In what world is it ever OK to boo your own team?
On the half time whistle when you are losing 3-0 to a local rival? When you haven’t spent money in the summer and get hammered in you opening home fixture?
When a player asks for a transfer? (Yes, this is actually fine).
When Manchester United’s Marouane Fellaini began his warm up during the home victory against Spurs, there were a large number of his own fans who voiced their disapproval – and it was a highly embarrassing moment for the club.
Whilst Fellaini might not be the most stylish of footballers; often awkward and clumsy; as seen in his five minute cameo at Everton last week, he is certainly not deserving of a chorus of boos before he has even walked onto the pitch.
Booing has always been rife in the ‘beautiful’ game, and fans are entitled to give an opinion – but there has to be some level of intelligence behind it.
Fans notoriously boo the referee to let him know if he’s made a howler. They also tend to boo any former players on their return to the club, or opposition players who go in hard on one of their own.
This is all part and parcel of football, as players expect a rough ride from opposition supporters. Yet there is something undeniably strange about your own supporters giving you stick.
After the game, United boss, Mourinho, was extremely diplomatic when asked by a reporter who he thought about the United faithful turning on the Belgian midfielder.
Jose, who often has a way with words, opened by complimenting his supporters and praising them for how good they’ve been so far this season. He avoided any temptation to criticise them for expressing their opinion.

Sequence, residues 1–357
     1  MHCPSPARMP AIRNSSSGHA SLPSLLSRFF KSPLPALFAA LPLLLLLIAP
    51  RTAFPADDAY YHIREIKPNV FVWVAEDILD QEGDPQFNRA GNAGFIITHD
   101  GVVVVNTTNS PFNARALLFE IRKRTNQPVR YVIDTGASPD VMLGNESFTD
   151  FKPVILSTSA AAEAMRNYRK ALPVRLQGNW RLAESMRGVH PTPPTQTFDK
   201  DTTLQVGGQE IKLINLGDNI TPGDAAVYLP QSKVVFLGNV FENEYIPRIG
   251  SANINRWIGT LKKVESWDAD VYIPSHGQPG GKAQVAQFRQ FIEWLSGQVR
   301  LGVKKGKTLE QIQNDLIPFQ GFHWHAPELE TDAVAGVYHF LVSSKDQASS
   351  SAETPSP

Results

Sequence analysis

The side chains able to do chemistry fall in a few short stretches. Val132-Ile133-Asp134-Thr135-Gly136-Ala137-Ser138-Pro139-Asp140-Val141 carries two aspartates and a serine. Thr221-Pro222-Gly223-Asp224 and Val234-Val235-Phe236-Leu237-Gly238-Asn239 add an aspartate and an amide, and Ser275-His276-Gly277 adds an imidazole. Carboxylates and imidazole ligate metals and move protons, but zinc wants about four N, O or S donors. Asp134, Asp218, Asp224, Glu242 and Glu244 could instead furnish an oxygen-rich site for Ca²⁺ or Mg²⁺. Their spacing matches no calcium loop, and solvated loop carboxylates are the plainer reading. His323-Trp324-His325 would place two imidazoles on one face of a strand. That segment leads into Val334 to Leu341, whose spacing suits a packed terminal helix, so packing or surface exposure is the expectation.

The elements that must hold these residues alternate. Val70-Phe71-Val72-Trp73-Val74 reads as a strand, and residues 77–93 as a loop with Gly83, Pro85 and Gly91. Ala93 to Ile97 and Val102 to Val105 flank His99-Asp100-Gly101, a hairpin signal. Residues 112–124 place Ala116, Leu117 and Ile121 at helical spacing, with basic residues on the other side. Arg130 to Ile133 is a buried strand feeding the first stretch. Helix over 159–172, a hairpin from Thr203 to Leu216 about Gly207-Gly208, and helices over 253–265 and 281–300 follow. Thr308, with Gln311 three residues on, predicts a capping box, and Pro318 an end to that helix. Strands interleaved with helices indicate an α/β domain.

A smart move as one wrong word could have made him the target next week.
However he also went on to acknowledge Fellaini’s error at Everton, confirming it as he who cost United two valuable points; but drew a line under the matter by dedicating the Spurs victory to a player he likes, and refers to as “important”.
Drawing on personal experience of being in the Stretford end for a low-key 2-1 Premier League win over Wolves in November 2010, when Ji Sung Park scored a late winner; there was a similar situation that day involving the infamous Bebe.
Coming on as an early substitute, he was booed by some; who then proceeded to get on his back after a couple of poor crosses – only to cheer with joy when he was then replaced.
I felt appalled by the minority that day, and yesterday was no different.
Wearing green and gold to protest against terrible owners I can agree with (who wouldn’t?)
Getting on the case of the opposition or referee is more than acceptable – it’s a given. Give them hell; put them off – do anything to give your own team an advantage.
Yet jumping on the back of one of your own players , based on giving away a late penalty the previous week is a shambles.
Fellaini might not fit the tidy, ball-playing criteria that most fans expect to see in a midfielder, but he is still a United player who has a job to do. What’s the point in making that job harder for him?
As most people say; support the team.